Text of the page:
As the NCAA men's and women's basketball tournaments head into their respective championships next weekend, one need only look at George Mason University's improbable run to the Final Four in last year's men's tourney for proof.
GMU, a mostly commuter school in Fairfax, Va., shocked the basketball world in 2006 by beating such established hoop heavyweights as Michigan State, North Carolina and Connecticut before losing to eventual national champion University of Florida in the semifinals.
Other than a 15-second spot for the school, GMU did no advertising. But its success on the court and the subsequent national TV and print coverage resulted in a whopping windfall in the aftermath.
Applications to the school quadrupled (tuition is $6,408 for in-state students, $18,548 for out-of-state). Gifts and pledge payments soared to $23.2 million, up 25% from the previous year. Donations to the athletic department increased 25%, general-scholarship support tripled and unrestricted gifts to the university climbed nearly 45%. Chevrolet and Remax signed on as program and arena sponsors.
GMU sold $625,000 in school merchandise during the 2004-05 school year. In the month of March alone last year, the school sold $876,000 in licensed products.
Winning prospective students
"Some [prospective] students are indeed swayed by the athletic success of a school," said Paul Swangard, director of the University of Oregon's Warsaw Center for Sports Marketing. "It is part of the package, part of the total college experience."
GMU President Alan G. Merten said the basketball team's run "raised the profile of our institution in ways we had previously only dreamed about. It is impossible to put a precise figure on the amount of free publicity we have received in the past year. But it has been enormous."
C. Scott Bozman, associate professor-business marketing at Gonzaga University, has studied the benefits of the men's basketball team's success at Gonzaga. The small school in Spokane, Wash., made a similar run in the 1999 NCAA tournament when it came out of nowhere to make the Elite Eight.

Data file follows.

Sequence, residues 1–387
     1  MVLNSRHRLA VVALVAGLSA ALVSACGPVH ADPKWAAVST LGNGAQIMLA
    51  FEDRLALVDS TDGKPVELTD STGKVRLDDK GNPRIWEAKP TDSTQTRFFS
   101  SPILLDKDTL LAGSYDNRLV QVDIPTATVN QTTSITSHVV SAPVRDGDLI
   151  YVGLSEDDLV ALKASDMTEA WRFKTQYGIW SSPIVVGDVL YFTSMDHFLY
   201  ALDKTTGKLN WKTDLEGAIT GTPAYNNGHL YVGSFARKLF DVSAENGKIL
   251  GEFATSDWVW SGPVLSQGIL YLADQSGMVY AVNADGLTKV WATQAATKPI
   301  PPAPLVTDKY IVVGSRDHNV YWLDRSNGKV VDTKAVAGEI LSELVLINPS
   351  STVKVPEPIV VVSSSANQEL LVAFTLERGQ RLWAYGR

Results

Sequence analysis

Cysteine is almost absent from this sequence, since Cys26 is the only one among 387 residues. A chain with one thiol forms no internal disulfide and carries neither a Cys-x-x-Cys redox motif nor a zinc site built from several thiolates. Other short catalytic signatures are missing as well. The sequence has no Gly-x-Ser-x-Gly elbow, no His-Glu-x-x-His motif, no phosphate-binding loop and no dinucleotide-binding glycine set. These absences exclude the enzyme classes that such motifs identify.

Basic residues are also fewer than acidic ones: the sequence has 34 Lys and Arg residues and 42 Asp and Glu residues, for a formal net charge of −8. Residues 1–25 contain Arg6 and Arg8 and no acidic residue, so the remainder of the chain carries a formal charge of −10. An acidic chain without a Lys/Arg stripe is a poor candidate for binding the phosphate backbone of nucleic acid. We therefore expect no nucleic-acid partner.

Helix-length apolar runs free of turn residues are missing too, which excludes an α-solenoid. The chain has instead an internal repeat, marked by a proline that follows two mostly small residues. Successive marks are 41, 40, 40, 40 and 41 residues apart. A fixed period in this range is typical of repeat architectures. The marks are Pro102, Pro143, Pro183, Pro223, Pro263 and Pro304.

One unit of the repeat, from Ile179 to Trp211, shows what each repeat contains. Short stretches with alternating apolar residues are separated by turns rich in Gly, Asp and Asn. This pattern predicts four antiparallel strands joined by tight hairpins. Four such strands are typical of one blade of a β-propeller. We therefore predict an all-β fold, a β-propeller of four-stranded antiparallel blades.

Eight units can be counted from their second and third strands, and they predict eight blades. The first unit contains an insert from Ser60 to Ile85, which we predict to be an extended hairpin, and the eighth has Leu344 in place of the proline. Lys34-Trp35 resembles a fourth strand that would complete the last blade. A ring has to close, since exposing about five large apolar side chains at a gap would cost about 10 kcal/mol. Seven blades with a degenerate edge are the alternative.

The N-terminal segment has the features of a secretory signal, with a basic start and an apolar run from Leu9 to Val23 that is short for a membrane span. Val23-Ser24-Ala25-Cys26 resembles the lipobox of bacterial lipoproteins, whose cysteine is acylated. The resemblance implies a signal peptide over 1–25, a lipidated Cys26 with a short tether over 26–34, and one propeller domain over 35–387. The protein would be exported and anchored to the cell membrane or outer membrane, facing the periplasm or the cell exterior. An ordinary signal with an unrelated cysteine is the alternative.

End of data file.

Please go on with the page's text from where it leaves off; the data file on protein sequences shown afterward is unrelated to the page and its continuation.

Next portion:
Since then, prospective-student inquiries have increased by 3,000 a year, enrollment has risen to 6,700 from 4,400 in 1998 and annual fundraising has risen by more than $5 million.
Mr. Bozman said it would have taken a $50 million advertising/PR campaign to garner the number of media mentions George Mason received in three weeks last March.
Officials at other schools are realizing similar bumps. Boise State University in Idaho shocked the college-football world with a 43-42 win over mighty Oklahoma in the Fiesta Bowl less than three months ago, and is kicking off a major private-fundraising drive. At Rutgers, in New Jersey, the success of the school's first bowl victory in 132 years of football has resulted in a 34% jump in hits on the undergraduate-admissions website, a 20% spike in merchandise sales and a 9% rise in donor pledges.
But Andrew Zimbalist, a noted sports-economics professor at Smith College, said schools need to be careful. "A school can get a short-term kick, but the gain won't sustain itself."
So who is this year's George Mason? Well, Cinderella's slipper hasn't fit very well in the men's tournament, where the Sweet 16 was loaded with tradition-laden programs.
Marist's 'two-hour infomercial'
But in the women's tournament, tiny Marist College in upstate New York shocked the establishment by making it to the Sweet 16 with wins over Ohio State in the first round of the tourney -- the Buckeyes were the fifth-ranked team in the country at the time -- and then over Middle Tennessee State, which had a nation's-best 27-game winning streak in the second round. Marist faced fourth-ranked Tennessee on Sunday, only the third time in the history of the women's tournament a team seeded 13th has advanced so far.
The victories were splashed across papers all over the country, including USA Today and The New York Times, and were the lead stories on ESPN's TV coverage on those nights. "I am amazed at the amount of attention this has created," said Tim Murray, Marist's director of athletics. "It will be interesting to see what the fallout and residuals will be. Does women's basketball have that kind of power?"
Asked if Marist would take advantage of its success by running a 15- or 30-second commercial on ESPN's telecast of the game against Tennessee, Mr. Murray said the school had something longer in mind. "How long is the game going to be on? Two hours? That's a two-hour infomercial for us."